While my response to episode 2 is in the works, check out Bob Wenzel’s commentary on the first two episodes.
What is Economics?
Wenzel agrees that Crash Course’s definition of Economics is good, but not ideal, because of its potential to delve into behavioral economics. Let’s look at how Crash Course defined economics through the quote they used by Alfred Marshall:
A study of Man [and Woman] in the ordinary business of life. It enquires [sic] how he gets his income and how he uses it. Thus, it is on one side, the study of wealth and on the other and more important side a part of the study of Man [and Woman].
Wenzel cautions that this definition of economics may be “looking and attempting to understand how people reach their goals for action. [Austrian Economist Ludwig Von] Mises doesn’t do that. He says ‘okay whatever the reason men have goals, and let’s decide what happens in the economy with regard to exchanges once we understand those goals, regardless of how they come up with those goals’”
This is a significant difference in one of the biggest questions in economics: what is economics?
Wenzel also takes aim Crash Course’s explanation of Microeconomics. From Crash Course:
There is a whole other side of economics that look at different questions: How many workers should we hire to maximize profit? If our main competitor releases their product in May, when is the best time to release our product?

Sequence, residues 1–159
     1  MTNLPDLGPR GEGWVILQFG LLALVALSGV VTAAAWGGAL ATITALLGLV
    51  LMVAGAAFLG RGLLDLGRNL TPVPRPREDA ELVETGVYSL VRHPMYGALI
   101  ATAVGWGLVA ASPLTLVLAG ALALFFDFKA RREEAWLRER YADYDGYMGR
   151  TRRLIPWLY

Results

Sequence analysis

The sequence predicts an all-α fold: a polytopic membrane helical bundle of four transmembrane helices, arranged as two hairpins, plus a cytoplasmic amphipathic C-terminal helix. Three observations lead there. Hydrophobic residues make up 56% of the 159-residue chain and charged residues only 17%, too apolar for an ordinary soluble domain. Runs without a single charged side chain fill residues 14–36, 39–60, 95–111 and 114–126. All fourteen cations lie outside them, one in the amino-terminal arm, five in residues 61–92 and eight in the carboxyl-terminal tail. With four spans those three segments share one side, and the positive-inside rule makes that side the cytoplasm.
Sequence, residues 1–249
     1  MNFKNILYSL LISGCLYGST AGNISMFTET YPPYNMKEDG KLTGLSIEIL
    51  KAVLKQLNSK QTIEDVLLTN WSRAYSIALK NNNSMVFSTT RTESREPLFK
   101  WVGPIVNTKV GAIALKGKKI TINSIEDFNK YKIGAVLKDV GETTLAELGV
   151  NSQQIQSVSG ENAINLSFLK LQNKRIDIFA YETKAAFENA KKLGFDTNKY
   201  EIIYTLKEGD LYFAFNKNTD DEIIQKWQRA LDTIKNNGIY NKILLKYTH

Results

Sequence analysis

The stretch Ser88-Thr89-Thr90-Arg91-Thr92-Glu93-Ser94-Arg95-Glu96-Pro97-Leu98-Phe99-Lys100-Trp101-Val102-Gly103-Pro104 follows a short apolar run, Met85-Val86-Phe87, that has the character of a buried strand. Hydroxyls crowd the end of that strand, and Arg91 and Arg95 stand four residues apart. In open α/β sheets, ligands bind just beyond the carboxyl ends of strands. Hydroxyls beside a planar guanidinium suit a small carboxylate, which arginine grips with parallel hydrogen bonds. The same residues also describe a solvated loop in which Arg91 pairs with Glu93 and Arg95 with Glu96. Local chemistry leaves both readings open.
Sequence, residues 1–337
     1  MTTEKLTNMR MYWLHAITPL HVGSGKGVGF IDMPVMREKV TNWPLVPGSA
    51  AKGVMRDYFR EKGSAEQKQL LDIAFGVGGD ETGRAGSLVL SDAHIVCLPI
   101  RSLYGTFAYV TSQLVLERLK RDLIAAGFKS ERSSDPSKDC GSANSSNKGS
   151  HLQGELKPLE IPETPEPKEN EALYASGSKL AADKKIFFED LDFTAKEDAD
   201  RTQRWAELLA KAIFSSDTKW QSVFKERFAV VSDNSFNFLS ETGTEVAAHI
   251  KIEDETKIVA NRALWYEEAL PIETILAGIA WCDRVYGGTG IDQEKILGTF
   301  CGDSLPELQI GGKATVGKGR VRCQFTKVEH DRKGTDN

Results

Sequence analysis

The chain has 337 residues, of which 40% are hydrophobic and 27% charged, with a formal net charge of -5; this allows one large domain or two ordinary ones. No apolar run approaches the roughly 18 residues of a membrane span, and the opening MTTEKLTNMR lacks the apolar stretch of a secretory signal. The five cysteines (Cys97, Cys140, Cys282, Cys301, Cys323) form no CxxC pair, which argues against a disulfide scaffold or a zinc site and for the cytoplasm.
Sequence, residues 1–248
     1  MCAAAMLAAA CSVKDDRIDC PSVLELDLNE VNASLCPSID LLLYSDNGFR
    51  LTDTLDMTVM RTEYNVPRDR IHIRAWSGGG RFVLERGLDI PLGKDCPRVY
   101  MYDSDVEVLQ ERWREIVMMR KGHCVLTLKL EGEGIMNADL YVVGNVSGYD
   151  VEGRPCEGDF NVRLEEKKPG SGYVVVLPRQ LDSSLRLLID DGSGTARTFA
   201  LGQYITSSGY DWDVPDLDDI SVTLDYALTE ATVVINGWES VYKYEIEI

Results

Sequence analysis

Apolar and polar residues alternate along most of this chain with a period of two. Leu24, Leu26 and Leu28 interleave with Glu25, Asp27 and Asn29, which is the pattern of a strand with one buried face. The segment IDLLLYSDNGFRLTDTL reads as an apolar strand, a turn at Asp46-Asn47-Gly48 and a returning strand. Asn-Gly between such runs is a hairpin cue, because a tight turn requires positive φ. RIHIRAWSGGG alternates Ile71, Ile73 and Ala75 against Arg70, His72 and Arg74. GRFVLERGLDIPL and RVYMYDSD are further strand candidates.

Wenzel points out that economics is not the study of business decisions:
The economist can explain how once a businessman has his goals, how he chooses, but there’s nothing that an economist can do as far as providing insights into something that is really a decision of a businessman or entrepreneur.
Economics is about understanding how the economic system works. It’s not about telling businessmen how to run their business.
So if the example questions from Crash Course aren’t actual examples of Microeconomics, what questions would be? How about:
If the price of a good increases, what happens to the demand if everything else stays the same?
If the supply of a good decreases, what happens to price if everything else stays the same?
I didn’t know about this at the time, but Robert Wenzel mentioned that he was one of the economists who predicted the 2008 financial crisis in real time. To read more about that, you can check out his book, or subscribe to his daily financial advice guide.